RSF School approves testing partnership with UC San Diego Health
The Rancho Santa Fe School District has approved a new testing agreement with UC San Diego Health to provide symptomatic COVID-19 testing of staff and students.
The California Department of Public Health guidelines state that testing should be part of a comprehensive strategy for a safe reopening and should be used in conjunction with promoting behaviors that reduce the spread, including physical distancing, facial coverings and hand washing. The district is already following the county’s guidelines in which staff is tested every two months, however, the partnership with UC San Diego is an additional strategy to ensure that symptomatic people are getting tested to help prevent an outbreak. As the results are received in 12 to 48 hours, staff and students will be able to return to school more quickly with evidence of a negative test. If they test positive, they will be able to quarantine more quickly to limit the spread of the virus.
With its Nov. 12 decisions, the board committed to $20,400 in symptomatic testing for students and staff, testing of a class in the event of a positive case in the cohort and re-entry testing for staff following Thanksgiving break. The district has about $45,000 in remaining state and federal COVID-19 funding.
Board member Sarah Neal said the testing agreements were a difficult decision to make due to budget constraints but ultimately she could see the benefit of it.
“The science shows that if we can test people quickly, we can isolate and prevent a community outbreak in our school,” Neal said. “I think it makes sense for our school to take a leadership position for the common good of the community of our school.”
“I’m 100% in support of having the testing for symptomatic individuals, I think it’s key,” agreed Vice President Kali Kim. “I think we would be remiss to not catch a positive case earlier.”
Since reopening full time in August, Rancho Santa Fe has not recorded a positive case in students or staff. Larger districts around Rancho Santa Fe have reported about six to eight cases since reopening in full time and hybrid models. As of press time, Del Mar Union School District has five active cases, Solana Beach School District has two and Encinitas Union School District has three.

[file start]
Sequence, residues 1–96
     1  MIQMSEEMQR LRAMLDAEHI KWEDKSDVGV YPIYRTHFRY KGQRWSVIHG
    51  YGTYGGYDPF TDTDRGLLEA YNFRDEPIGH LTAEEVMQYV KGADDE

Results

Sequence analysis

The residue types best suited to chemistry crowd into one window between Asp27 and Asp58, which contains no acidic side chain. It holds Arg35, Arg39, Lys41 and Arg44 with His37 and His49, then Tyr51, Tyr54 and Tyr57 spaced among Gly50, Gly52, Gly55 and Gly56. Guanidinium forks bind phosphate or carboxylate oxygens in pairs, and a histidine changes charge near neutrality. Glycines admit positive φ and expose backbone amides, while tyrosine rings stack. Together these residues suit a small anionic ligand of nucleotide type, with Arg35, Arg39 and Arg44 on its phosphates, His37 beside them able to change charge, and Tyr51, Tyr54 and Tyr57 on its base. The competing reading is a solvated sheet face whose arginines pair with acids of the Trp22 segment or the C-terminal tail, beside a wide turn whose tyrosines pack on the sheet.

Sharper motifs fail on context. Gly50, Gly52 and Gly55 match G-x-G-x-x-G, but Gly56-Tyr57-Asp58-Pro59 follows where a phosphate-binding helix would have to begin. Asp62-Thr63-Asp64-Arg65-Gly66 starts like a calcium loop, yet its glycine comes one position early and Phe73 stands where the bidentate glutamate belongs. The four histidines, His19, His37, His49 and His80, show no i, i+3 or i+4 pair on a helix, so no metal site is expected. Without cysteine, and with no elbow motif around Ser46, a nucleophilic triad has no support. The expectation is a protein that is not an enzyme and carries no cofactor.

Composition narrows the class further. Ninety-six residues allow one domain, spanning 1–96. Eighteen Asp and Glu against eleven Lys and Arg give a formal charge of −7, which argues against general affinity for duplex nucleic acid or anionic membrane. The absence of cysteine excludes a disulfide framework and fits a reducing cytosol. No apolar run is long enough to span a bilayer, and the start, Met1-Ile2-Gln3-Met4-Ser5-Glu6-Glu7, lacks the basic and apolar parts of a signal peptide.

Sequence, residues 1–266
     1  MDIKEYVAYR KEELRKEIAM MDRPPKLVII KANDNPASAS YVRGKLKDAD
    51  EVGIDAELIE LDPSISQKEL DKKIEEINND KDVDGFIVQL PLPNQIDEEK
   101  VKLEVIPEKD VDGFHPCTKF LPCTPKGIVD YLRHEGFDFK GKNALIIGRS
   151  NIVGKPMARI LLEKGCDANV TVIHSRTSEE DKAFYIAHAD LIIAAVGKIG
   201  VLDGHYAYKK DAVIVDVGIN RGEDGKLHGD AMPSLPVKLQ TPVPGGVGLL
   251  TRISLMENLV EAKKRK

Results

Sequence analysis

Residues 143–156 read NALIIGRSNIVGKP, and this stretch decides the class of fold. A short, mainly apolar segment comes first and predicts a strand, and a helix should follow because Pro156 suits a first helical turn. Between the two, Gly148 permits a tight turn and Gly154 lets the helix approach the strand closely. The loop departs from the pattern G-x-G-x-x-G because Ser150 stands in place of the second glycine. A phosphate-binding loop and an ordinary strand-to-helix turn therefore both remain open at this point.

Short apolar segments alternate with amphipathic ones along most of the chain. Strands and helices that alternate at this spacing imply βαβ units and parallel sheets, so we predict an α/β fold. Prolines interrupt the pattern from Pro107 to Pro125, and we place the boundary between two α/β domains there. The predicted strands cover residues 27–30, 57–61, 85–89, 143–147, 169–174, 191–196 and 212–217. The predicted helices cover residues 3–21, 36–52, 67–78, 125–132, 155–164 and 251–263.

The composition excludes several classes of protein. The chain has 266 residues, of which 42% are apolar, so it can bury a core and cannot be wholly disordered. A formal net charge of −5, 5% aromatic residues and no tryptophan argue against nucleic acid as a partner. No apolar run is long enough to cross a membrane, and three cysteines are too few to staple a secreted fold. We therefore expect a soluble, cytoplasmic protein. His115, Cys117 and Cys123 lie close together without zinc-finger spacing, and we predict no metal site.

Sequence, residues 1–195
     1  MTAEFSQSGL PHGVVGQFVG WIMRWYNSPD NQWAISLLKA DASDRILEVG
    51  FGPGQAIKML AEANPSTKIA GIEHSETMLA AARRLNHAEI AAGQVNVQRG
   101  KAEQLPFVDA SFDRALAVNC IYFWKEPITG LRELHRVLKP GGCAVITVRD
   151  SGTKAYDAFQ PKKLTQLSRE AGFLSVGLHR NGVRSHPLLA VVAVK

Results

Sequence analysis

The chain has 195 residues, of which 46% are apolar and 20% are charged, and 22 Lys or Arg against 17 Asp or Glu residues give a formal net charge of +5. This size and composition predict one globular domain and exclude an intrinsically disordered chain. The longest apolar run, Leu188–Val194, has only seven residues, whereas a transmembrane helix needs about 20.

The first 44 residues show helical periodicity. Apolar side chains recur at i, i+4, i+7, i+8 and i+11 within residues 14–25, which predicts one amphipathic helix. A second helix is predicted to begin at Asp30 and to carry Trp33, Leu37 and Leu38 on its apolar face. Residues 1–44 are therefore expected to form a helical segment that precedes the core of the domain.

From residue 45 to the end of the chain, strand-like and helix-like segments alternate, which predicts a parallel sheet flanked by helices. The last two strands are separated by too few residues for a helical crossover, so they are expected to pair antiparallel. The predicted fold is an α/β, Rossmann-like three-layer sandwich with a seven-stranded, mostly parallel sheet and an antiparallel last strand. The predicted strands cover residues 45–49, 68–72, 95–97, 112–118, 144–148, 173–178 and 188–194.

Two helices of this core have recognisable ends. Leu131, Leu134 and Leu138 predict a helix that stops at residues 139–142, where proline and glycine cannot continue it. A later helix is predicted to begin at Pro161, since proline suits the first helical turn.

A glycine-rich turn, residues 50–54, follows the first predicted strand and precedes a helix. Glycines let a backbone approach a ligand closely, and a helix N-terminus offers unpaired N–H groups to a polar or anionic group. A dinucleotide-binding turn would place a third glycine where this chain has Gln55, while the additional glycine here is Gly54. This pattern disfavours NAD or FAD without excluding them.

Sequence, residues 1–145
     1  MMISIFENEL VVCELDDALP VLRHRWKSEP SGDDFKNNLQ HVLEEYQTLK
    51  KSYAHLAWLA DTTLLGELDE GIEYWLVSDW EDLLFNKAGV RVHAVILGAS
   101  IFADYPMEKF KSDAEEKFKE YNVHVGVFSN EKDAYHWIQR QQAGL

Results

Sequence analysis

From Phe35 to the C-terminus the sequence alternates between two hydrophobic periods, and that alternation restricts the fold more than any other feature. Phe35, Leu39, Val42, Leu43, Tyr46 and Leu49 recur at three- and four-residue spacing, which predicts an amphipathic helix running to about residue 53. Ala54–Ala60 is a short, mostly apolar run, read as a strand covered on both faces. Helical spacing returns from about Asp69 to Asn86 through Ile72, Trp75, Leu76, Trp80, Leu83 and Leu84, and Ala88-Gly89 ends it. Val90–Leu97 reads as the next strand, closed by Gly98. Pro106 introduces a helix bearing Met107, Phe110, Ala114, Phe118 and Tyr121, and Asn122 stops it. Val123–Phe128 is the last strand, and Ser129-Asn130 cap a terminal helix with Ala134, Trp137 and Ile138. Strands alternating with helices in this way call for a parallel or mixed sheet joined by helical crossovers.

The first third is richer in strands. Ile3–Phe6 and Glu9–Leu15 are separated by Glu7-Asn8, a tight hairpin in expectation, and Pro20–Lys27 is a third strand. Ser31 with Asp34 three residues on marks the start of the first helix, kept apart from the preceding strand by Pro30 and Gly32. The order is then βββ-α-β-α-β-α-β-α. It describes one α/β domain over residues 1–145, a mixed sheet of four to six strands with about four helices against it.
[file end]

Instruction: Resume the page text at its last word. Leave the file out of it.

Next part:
Per the UC San Diego agreement, the nasal swab PCR tests cost the district $40. The symptomatic testing will be provided to staff and offered to families when parents call in a student absence with COVID-19-related symptoms or when a student is sent home with COVID-19-related symptoms. Tripi said If parents wanted to reduce the cost burden to the district they would have the option to pay for the test—they could also opt to use an alternative testing provider.
With cohort testing, the board approved requiring teachers to be tested when there is a positive case in the cohort and offering parents the ability to have children tested through the district’s UC San Diego account. The cohort testing is estimated to cost $4,800 assuming there are about six cases a year and 20 individuals a case.
At the meeting, the board considered asymptomatic surveillance testing after all of the four remaining longer school breaks of Thanksgiving, winter break, family week and spring break as it is likely that some staff members will travel or increase their sphere of contacts over extended breaks. The cost for testing staff after all four breaks was estimated to cost $14,400.
The board unanimously approved re-entry testing for staff after Thanksgiving break only, a cost of $3,600. Kim proposed testing staff after both Thanksgiving and winter break but the motion failed 2-3 with Jee Manghani, Tyler Seltzer and Kahn opposed. The dissenting board members had concerns about the utility and the costs as there are uncertainties with the budget. At the first interim budget review, the district is projected to deficit spend in 2020-21 by about $57,000.
Staff will continue to be tested with the county testing program and the school board can also revisit the option for more re-entry testing in the coming months.
At this time, none of the board members supported surveillance testing for students after the breaks, which is estimated to cost $49,600 to $64,000. In a recent survey, 56% of Rowe families said they would be interested in surveillance testing.
Rather than approve the testing contract, the board said the district would encourage families to take part in their symptomatic testing program. With Thanksgiving break approaching the district reinforced the California Department of Public Health’s recent travel advisory that encourages those who are traveling out of state or out of the country to self-quarantine for 14 days. It also encourages Californians to stay home or in their region and avoid non-essential out-of-state travel.
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